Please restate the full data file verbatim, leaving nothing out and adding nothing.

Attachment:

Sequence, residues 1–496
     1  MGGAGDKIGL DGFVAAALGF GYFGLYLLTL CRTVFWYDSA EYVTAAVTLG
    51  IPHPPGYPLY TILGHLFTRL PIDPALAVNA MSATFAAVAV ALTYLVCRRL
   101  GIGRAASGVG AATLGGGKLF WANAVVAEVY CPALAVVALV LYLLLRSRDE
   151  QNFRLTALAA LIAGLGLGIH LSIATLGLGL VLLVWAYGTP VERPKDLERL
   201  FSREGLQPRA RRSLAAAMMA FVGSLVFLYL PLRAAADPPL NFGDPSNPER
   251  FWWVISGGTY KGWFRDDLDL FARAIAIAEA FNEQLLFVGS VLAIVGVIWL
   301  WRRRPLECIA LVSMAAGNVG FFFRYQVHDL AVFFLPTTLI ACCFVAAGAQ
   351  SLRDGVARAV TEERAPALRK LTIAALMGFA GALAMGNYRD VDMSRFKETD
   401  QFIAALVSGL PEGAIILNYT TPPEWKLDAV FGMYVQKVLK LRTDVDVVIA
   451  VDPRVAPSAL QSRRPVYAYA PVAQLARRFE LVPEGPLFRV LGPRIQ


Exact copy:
Sequence, residues 1–496
     1  MGGAGDKIGL DGFVAAALGF GYFGLYLLTL CRTVFWYDSA EYVTAAVTLG
    51  IPHPPGYPLY TILGHLFTRL PIDPALAVNA MSATFAAVAV ALTYLVCRRL
   101  GIGRAASGVG AATLGGGKLF WANAVVAEVY CPALAVVALV LYLLLRSRDE
   151  QNFRLTALAA LIAGLGLGIH LSIATLGLGL VLLVWAYGTP VERPKDLERL
   201  FSREGLQPRA RRSLAAAMMA FVGSLVFLYL PLRAAADPPL NFGDPSNPER
   251  FWWVISGGTY KGWFRDDLDL FARAIAIAEA FNEQLLFVGS VLAIVGVIWL
   301  WRRRPLECIA LVSMAAGNVG FFFRYQVHDL AVFFLPTTLI ACCFVAAGAQ
   351  SLRDGVARAV TEERAPALRK LTIAALMGFA GALAMGNYRD VDMSRFKETD
   401  QFIAALVSGL PEGAIILNYT TPPEWKLDAV FGMYVQKVLK LRTDVDVVIA
   451  VDPRVAPSAL QSRRPVYAYA PVAQLARRFE LVPEGPLFRV LGPRIQ